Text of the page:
Our Ancient Laughing Brain
Courtesy of Cerebrum

The Tickling Trigger

Courtesy of Susan Blackmore
Tickling is a fascinating instance of the connection between playfulness and social bonding. It begins in early infancy, when parents tickle their babies to evoke laughter and pleasurable sensations in them. Although there are a few “unticklish” children and adults, tickling almost always produces laughter. Probably tickling and laughter evolved in part to help us relate to others.

One remarkable feature of tickling is that we do not laugh when we tickle ourselves, only when other people tickle us. This implies that the brain may have a different mechanism for responding to the two types of tickling. Charles Darwin first explored the link between tickling and social relations, arguing that tickling provokes laughter through the anticipation of pleasure. If a stranger tickles a child without any preliminaries, catching the child by surprise, the likely result will be not laughter but withdrawal and displeasure. Darwin also noticed that for tickling to be effective, you must not know the precise point of stimulation in advance. He reasoned that this is why you cannot effectively tickle yourself.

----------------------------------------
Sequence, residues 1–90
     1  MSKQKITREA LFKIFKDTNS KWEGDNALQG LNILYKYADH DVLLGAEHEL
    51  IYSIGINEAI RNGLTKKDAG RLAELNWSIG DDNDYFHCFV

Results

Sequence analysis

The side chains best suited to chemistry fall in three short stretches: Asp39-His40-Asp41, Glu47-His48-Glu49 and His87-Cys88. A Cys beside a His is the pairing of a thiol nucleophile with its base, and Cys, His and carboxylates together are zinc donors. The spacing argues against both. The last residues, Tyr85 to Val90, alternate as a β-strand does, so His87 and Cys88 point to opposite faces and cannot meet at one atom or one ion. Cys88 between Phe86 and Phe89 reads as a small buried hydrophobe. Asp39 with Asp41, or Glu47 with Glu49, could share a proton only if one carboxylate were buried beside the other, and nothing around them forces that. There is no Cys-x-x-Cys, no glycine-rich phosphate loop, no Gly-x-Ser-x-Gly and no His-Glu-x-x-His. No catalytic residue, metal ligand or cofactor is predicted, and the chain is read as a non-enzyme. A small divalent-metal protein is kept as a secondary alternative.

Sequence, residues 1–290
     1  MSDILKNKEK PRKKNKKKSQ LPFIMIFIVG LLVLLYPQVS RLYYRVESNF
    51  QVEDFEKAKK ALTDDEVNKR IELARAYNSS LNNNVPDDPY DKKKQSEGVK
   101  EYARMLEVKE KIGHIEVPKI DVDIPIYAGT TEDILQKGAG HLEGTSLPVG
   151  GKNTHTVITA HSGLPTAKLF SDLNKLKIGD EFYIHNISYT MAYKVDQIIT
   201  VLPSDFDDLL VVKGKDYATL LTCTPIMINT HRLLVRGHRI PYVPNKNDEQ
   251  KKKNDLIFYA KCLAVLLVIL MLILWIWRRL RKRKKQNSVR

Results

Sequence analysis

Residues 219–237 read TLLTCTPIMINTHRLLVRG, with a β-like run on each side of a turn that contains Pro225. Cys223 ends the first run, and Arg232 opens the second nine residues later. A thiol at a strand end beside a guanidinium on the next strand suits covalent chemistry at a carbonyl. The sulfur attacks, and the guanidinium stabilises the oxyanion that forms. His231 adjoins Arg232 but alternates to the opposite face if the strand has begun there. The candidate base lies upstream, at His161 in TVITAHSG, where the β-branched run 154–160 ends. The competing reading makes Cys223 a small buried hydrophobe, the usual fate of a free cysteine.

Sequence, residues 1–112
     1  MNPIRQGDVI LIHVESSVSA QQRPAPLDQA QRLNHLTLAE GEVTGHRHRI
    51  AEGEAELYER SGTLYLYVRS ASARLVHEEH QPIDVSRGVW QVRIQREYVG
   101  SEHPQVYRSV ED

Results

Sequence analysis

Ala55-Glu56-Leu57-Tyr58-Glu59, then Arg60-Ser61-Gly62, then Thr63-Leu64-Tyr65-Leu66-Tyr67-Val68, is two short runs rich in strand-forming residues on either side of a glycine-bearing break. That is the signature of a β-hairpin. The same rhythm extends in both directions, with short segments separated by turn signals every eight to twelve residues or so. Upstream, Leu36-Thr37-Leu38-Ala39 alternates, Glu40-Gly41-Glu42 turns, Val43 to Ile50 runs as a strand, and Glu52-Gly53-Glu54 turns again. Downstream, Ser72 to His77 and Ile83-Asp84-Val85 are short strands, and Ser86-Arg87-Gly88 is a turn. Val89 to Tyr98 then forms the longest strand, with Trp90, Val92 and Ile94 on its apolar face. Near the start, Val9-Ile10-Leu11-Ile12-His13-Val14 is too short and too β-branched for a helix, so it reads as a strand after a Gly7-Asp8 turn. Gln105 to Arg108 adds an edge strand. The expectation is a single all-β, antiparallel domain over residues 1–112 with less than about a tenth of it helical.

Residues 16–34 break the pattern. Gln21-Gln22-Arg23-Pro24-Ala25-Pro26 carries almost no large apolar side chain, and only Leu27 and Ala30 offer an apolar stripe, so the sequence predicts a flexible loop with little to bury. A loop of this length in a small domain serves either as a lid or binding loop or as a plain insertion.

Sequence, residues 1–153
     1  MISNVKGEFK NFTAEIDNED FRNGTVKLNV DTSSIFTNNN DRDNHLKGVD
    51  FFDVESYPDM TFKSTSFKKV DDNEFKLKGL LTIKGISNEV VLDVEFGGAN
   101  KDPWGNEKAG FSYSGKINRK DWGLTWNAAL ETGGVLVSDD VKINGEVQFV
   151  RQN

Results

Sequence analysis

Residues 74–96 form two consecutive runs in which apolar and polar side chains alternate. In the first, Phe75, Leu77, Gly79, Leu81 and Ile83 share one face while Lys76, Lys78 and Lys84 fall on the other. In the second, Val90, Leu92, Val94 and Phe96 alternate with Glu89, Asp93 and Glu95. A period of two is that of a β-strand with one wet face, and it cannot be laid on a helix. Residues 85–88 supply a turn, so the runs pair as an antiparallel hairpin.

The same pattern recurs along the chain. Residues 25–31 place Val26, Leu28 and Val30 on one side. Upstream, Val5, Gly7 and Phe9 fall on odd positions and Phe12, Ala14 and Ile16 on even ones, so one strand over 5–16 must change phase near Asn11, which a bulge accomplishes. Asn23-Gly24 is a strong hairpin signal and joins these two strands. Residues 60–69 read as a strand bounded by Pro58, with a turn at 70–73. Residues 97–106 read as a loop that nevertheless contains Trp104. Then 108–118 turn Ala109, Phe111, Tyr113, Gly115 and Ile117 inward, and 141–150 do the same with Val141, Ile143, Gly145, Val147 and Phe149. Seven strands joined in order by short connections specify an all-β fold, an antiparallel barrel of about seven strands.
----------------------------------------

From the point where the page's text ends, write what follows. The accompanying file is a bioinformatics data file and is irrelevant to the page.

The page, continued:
Researcher Sarah-Jayne Blakemore confirmed Darwin’s propositions by investigating how the brain distinguishes between sensations we create for ourselves and sensations others create for us. She used robotic arms to tickle people and found them to be as effective as real people in provoking laughter. When her subjects used a joystick to control the tickling robot, however, they couldn’t make themselves laugh.6 Her studies suggest that when you try to tickle yourself, your cerebellum sends to your somatosensory cortex precise information on the position of the tickling target and therefore what sensation to expect. Apparently some cortical mechanism then decreases or inhibits the tickling sensation.
Why is the brain built this way? “It may be that there is no point laughing to your own tickle because it is not biologically important,” says Blakemore. But tickling by your playful companions is indeed socially important, as we have seen.

Humor: Evolved Ticklishness?